In a new paper I’ve coauthored with Jean-Paul Delahaye, we propose a test based on the theory of algorithmic complexity and an experimental evaluation of Levin’s universal distribution to identify evidence in support of or in contravention of the claim that the world is algorithmic in nature. To this end we have undertaken a statistical […]
One of the greatest scientific achievements of the last century was the understanding of life in terms of information. We know today that the information for synthesizing the molecules that allow organisms to survive and replicate is encoded in the DNA. In the cell, DNA is copied to messenger RNA, and triplet codons in the […]
The Shortest Universal Turing Machine Implementation Contest ANNOUNCEMENT 23 Dec – 2008 http://www.complexitycalculator.com/experimentalAIT/TuringMachine.html Contest Overview In the spirit of the busy beaver competition though related to program-size complexity, we are pleased to announce the “Shortest Universal Turing Machine Implementation Contest”. The contest is open-ended and open to anyone. To enter, a competitor must submit a […]
Having quit his studies in physics, Theo Jansen became an artist. In this video he demonstrates his amazing life-like kinetic sculptures, built from plastic tubes and bottles. His Beach Creatures or Strandbeest are built to move and even survive on their own: I’ve been in touch with Theo Jansen recently. For further details about his […]
Originally uploaded by hzenilc. Models and Simulations 2 11 – 13 October 2007 Tilburg University, The Netherlands I attended this conference one month ago. Among several interesting talks, one in particular caught my attention. It was given by Michael Seevinck from the Institute for History and Foundations of Science at Utrecht, The Netherlands. His talk […]
Researchers at Berkeley working to unlock the potential of nanoscience: High Definition Nanotechnology video from KQED Amazing how nature produces its own nanodevices, such as motors like the flagella that allow spermatozoa to swim. Imagine how many structures can be found by exploring the universe of possible simple nanostructures! We also know that given a few elements, computing […]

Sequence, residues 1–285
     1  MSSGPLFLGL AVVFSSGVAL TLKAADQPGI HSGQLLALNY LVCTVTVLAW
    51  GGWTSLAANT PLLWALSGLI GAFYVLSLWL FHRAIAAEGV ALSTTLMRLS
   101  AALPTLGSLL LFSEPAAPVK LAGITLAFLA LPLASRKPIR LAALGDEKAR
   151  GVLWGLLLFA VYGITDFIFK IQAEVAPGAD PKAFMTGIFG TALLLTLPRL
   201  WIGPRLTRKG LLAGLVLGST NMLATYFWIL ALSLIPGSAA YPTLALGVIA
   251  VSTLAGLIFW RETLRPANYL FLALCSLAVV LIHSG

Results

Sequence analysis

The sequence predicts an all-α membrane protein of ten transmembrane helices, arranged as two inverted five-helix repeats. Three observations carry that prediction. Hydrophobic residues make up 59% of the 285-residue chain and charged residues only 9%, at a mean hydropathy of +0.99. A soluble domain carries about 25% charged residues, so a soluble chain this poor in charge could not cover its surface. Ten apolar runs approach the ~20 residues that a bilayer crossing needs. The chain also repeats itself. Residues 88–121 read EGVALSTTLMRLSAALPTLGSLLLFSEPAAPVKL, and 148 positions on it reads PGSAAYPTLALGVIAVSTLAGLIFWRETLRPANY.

My paper On the Kolmogorov-Chaitin complexity for short sequences, coauthored with my PhD thesis advisor Jean-Paul Delahaye has been published as a book chapter in:RANDOMNESS AND COMPLEXITY, FROM LEIBNIZ TO CHAITIN, edited by Cristian S. Calude (University of Auckland, New Zealand) and published by World Scientific. An extended draft version of this paper can be […]
In the “Period 1 Cycle English Dictionary” published by “No way, Inc.” (it’s been said to be the most accurate dictionary ever) one can read: dog (Noun) : a dog is a dog. The lazy creators of this dictionary appear to have forgotten what is broadly accepted by common sense. A definition would not be […]
Ist das Universum ein Computer? http://www.dtmb.de/Aktuelles/Aktionen/Informatikjahr-Zuse/ Germany, November 2006, Informatik Jahr Deutschen Technikmuseum Berlin From Konrad Zuse’s Invention of the Computer to his “Calculating Space” to Quantum Computing. Lesson One: For someone with a hammer in his hand the world seems to be a nail. Joseph Weizenbaun. Lesson Two: Knowing the input and the transition […]
– Symbolic Visualizations, University of Texas:http://cvcweb.ices.utexas.edu/ccv/projects/VisualEyes/SymbVis/index.php- Proof nets and zero-knowledge proofs.
Kurt Godel workshop for studying his legacy and writings. Lille, France, May 19-21, 2006 My thoughts, ideas, references, comments and informal notes: – The wheel machine, a machine for real computation which I am proposing -as a thought experiment- in a forthcoming paper on the Church-Turing thesis -Yes, one more paper on the CT thesis!- […]